The Dodd-Frank Act of 2010 created the Consumer Financial Protection Bureau to protect consumers by making and enforcing consumer financial laws.  The CFPB recently contracted with the American Bar Association to develop four Managing Someone Else’s Money guides to help those who are acting as agents under (1) power of attorney, (2) court-appointed guardians or conservators, (3) trustees for revocable living trusts and (4) government benefits fiduciaries.

These guides help “lay fiduciaries” understand their responsibilities under the law, provide education on financial scams and exploitation and give tips on where to go for additional help from local, state and federal resources.

You can download these guides for free on the CFPB website.

If you would like more information about the responsibilities of a fiduciary or support talking with your parents about these issues, call our office today at 720-248-7621  to schedule a time for us to sit down and talk.

National Estate Planning Awareness Week

History of National Estate Planning Awareness Week

In 2008, the NAEPC Education Foundation worked with a number of Congressional leaders to pass House Resolution 1499 which proclaimed the third week in October as National Estate Planning Awareness Week. According to the resolution passed by Congress, “Many Americans are unaware that lack of estate planning and financial illiteracy may cause their assets to be disposed of to unintended parties by default through the complex process of probate.”

The resolution goes on to state that “careful planning can greatly assist Americans in preserving assets built over a lifetime for the benefit of family, heirs, or charities.” It is estimated that over 120 million Americans do not have proper estate plans to protect themselves or their families in the event of sickness, accidents, or untimely death. This costs many families wasted dollars and hours of hardship each year that can be minimized with proper planning.

Help Dispel the Myth That Estate Planning is Only for the Rich and the Elderly

Another startling statistic from the 2010 Industry Trends Survey of estate planners found that 62% of the respondents believed that many American do not plan because they have the erroneous assumption that estate planning is only for the wealthy or the elderly.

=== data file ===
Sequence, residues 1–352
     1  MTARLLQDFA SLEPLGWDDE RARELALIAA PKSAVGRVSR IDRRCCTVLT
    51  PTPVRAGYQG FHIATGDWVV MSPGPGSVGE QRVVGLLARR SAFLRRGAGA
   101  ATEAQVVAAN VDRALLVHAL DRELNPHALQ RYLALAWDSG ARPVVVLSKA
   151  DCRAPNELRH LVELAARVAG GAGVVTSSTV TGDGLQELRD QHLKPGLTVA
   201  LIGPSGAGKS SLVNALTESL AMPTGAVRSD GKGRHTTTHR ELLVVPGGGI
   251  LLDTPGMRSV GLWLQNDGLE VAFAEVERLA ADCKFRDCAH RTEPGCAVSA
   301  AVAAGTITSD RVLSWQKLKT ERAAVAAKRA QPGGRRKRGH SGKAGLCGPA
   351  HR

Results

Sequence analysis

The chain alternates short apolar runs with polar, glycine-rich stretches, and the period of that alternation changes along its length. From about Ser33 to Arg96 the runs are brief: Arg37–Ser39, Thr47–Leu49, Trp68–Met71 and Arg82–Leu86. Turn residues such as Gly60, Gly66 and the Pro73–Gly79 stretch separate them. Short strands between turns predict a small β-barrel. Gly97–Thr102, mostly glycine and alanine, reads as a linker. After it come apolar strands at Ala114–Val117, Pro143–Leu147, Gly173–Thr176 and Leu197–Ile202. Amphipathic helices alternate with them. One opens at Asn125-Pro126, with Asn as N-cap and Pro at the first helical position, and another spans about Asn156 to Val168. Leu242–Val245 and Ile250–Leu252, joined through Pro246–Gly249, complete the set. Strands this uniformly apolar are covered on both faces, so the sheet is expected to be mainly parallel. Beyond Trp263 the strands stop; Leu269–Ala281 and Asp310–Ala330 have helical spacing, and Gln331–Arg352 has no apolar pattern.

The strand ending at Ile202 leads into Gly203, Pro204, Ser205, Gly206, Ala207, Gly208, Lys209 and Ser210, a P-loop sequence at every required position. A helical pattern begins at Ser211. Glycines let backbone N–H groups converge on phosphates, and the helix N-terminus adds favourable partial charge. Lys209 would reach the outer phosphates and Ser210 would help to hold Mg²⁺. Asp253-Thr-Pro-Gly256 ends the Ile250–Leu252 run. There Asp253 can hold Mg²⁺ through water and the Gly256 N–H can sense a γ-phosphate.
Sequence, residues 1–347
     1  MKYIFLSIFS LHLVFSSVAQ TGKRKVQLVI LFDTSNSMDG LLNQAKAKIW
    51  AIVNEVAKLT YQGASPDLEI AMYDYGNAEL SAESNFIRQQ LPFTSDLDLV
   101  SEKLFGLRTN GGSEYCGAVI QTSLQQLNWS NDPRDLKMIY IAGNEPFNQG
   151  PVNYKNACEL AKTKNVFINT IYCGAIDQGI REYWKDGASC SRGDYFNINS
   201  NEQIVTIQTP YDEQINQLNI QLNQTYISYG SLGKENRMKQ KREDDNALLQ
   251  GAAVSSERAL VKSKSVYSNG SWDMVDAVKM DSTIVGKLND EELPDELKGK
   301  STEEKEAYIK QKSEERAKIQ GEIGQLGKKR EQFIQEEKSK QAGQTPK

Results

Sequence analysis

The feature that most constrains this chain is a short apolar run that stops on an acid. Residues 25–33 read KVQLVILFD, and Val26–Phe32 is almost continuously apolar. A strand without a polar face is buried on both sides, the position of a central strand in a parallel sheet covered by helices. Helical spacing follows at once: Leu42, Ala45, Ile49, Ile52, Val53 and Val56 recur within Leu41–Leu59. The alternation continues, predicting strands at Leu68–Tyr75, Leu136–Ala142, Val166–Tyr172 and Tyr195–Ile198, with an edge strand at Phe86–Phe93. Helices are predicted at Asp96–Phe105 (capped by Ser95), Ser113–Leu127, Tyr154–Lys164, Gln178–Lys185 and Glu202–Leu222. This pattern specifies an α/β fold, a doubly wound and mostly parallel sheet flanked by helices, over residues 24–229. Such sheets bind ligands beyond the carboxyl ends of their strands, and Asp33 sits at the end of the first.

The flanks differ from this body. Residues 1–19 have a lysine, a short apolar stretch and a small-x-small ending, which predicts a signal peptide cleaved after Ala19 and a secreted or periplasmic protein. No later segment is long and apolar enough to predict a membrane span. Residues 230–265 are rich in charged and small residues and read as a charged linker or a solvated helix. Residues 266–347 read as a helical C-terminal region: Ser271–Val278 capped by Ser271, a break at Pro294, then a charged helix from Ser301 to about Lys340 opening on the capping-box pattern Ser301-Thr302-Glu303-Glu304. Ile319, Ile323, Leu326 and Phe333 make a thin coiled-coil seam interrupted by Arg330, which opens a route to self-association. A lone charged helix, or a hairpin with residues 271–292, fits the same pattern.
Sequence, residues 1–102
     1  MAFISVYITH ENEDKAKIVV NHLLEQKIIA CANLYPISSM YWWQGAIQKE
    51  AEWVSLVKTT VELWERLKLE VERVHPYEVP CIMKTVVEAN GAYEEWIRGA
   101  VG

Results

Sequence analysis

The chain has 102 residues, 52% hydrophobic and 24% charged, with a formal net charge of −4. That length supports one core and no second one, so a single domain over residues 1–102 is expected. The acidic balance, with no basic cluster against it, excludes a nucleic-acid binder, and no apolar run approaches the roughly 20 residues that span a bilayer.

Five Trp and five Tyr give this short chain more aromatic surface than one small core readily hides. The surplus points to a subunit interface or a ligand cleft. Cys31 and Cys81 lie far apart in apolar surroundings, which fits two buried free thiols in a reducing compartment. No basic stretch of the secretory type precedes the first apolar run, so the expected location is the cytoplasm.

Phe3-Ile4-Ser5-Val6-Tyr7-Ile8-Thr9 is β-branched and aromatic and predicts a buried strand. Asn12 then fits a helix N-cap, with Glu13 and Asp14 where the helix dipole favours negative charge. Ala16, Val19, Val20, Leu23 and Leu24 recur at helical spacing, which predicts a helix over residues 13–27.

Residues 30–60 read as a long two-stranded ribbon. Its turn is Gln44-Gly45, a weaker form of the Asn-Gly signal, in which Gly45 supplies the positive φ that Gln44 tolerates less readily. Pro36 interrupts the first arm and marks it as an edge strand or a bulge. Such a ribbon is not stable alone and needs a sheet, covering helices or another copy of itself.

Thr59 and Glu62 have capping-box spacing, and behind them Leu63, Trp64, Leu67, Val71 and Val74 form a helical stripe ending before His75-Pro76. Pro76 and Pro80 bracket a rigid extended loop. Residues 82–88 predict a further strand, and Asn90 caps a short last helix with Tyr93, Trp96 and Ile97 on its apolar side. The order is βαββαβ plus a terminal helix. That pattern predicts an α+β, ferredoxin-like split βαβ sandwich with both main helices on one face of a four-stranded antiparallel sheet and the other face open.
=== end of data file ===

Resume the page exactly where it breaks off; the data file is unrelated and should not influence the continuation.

Estate planning is important for adults of all ages. Read the September 27, 2011 article in U. S. News & World Report entitled “What You Need to Know About Estate Planning” which highlights the importance of single 20-somethings having an estate plan that includes a medical directive in the event of unexpected injury or illness.  Another interesting article worth a read is this article published in the Ventura County Reporter entitled “Where There’s a Will.”

For young families, estate planning is particularly important, as those who stand to lose the most are their young children. In the event of the death of both parents, who will care for the children? Who will handle the affairs of the estate and ensure that property will be transferred according to the wishes of the deceased parents? If there is no estate plan or will, the courts will appoint a guardian for the children, and the guardian may be an individual who does not share the values and religious beliefs of the deceased parents.

Or in the event of divorce and remarriage, how will property pass from the former spouse to the children living in a household with a stepparent?

In the event of the death of the primary breadwinner, is there sufficient life insurance coverage for purposes of income replacement to support the surviving spouse and children who were dependent upon the primary breadwinner for their daily maintenance and support.

Advanced age and substantial wealth are not the primary indicators of the need for an estate plan. Young families, especially those with children who have special medical or educational needs, should seek the advice of an estate planning attorney who can guide them in providing for the current and future needs of their young children.

If you want additional information about estate planning no matter your age or economic status, please call our office at 720-248-7621 to begin to get your questions or visit our Resources Page for additional links to website that can provide you with the information you need to protect assets and, most importantly, your loved ones!

Consider Your Estate Plan Before You Travel